Sabertooth Z77 Firmware
Asus' AI Tweaker menu hasn’t changed much in the past few years, providing both fully-manual and XMP-based manual overclocking capabilities. The difference between those two options is that XMP starts the process with higher DRAM timings, voltage levels, and data rates.
Our combination of XMP and power controls also locked out CPU ratio selection from the main menu, though synchronized ratios can still be selected from the CPU Power Control submenu.
A 1.245 V CPU core setting got us an actual 1.25 V, providing CPU overclocking stability up to 4.67 GHz.
Manufacturers have been quietly pushing higher DRAM voltage, apparently in an effort to boost DRAM overclocking, but that really wasn’t necessary for the Sabertooth Z77. A 1.625 V setting produced 1.65 V at the DIMM slot in spite of the false 1.630 V firmware reading, and the board was able to push G.Skill’s DDR3-2666 to DDR3-2800 in spite of our compensation efforts.
Primary, secondary, and tertiary timings are all accessible for memory tuning.
Depending on other settings, the CPU ratio may be accessible only from the CPU Power Management submenu. Asus also provides over-current protection adjustments here, but told us that Auto is the best choice for all but the most extreme (high-voltage) overclocks.
The Sabertooth Z77’s Ultra High Load-Line Calibration setting is supposed to reduce voltage droop by 75%, but it actually caused our voltage to go up by a few millivolts at full load. The effectiveness of each load-line level varies with changes in baseline core voltage and overclock amount.
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As u have reviewed SIX (6) motherboards, the article's title should be:Reply
"Six $220-280 Z77 Express-Based Motherboards, Reviewed"
No SATA and USB tests ? data transfer speed differences will typically be noticable in everyday usage.Reply
Also, the time taken to show the windows loading screen/ BIOS page..
you really liked the black/grey dimms and PCI slots of the gigabyte better than the blue/black of the MSI!
robertaAs u have reviewed SIX (6) motherboards, the article's title should be:"Six $220-280 Z77 Express-Based Motherboards, Reviewed"Let's see what the article says:Reply
The one motherboard in today’s line-up with a 48-lane PCIe 3.0 bridge is ECS’ Golden Z77H2-AX. Unfortunately, this platform climbed $40 beyond the budget limit of today’s round-up in the time we've been reviewing it. We're tired of seeing board vendors playing pricing games based on our review schedule (this isn't the first time we're seeing a curiously-timed price move). So, since we put the work in to review ECS' submission, we're including our already-gathered data and simply withholding the board from any award candidacy.mayankleoboy1No SATA and USB tests ? data transfer speed differences will typically be noticable in everyday usage.Also, the time taken to show the windows loading screen/ BIOS page..Would have covered windows load time except that it wasn't markedly different. That is, after disabling empty SATA controllers. If you count the time that it takes to get the "No Device Found" error on boards that have extra SATA controllers, you're penalizing a board for having more features.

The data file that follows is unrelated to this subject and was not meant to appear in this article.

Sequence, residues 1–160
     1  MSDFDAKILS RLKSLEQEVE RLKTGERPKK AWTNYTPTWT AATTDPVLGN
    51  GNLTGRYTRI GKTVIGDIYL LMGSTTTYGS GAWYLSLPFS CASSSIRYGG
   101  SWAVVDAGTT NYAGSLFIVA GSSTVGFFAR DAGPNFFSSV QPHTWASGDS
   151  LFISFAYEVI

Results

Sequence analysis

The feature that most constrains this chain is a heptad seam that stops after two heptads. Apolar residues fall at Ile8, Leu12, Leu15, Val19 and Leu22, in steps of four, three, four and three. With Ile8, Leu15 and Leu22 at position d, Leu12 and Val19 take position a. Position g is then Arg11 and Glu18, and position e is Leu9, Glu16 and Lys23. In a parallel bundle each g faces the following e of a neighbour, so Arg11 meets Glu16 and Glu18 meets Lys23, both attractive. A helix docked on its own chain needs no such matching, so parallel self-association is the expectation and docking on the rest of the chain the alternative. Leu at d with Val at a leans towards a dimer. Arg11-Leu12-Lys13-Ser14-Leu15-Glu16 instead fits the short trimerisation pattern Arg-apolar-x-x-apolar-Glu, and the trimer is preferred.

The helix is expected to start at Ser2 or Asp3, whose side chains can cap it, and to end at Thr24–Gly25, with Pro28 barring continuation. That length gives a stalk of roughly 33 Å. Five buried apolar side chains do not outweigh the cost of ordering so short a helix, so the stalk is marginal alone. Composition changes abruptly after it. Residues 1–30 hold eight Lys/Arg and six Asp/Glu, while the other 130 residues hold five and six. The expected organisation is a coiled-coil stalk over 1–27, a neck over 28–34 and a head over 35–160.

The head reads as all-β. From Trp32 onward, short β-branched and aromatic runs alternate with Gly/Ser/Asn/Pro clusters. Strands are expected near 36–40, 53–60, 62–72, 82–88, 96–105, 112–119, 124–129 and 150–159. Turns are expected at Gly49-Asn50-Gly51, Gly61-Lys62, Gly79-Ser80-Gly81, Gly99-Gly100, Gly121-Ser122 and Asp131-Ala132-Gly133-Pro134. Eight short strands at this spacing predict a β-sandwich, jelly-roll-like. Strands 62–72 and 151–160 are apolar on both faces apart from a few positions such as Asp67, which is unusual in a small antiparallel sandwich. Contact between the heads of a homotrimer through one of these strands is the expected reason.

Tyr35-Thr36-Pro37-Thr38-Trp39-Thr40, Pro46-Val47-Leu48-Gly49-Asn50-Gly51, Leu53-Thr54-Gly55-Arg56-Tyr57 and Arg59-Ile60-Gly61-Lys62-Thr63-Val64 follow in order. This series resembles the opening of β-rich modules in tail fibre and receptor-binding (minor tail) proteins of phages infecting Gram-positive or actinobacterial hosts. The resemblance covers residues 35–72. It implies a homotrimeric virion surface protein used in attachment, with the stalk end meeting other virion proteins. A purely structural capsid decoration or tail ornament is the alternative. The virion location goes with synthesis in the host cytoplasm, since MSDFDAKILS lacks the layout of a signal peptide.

Andrew Ku tests drive controllers. I'm trying to get him to "write the book" on controller performance, since dozens of boards use only a few different controllers. As for testing things like Z77 controller performance on board A vs Z77 controller performance on board B, it's a waste of time unless something is broken. So the article looked for "broken stuff". See the red bar on the first chart:
With nothing broken, there's no excuse to test the Z77 controller six times. Back to me begging Andrew Ku for a comprehensive comparison of every SATA controller currently available on mainstream-brand enthusiast boards.
Arghh! Why the hell are you overclocking the base clock on Z77!! That will most likely cause permanent damage to your CPU.Reply
You left out a key aspect for overclockers which is vcore offset.Reply
This allows ocer's to achieve higher overclocks while still retaining the power saving functions, instead of being forced to either reduce the overclock, or be forced to run high voltage 24/7.
MSI doesn't have this key feature.
I would think that the Sabertooth's five year warranty merits at least a mention in any value conclusion.Reply
I'll just stick with sandy bridge. Doesn't seem like I'm losing much at all.Reply
JeanLucArghh! Why the hell are you overclocking the base clock on Z77!! That will most likely cause permanent damage to your CPU.Reply
Overclocking the BLCK is very unlikely to cause any damage, it's just likely to not give much of a stable overclock.
jtt283I would think that the Sabertooth's five year warranty merits at least a mention in any value conclusion.I actually missed that, having checked the lesser brands just to make sure those still had their three year warranty. Will add it.Reply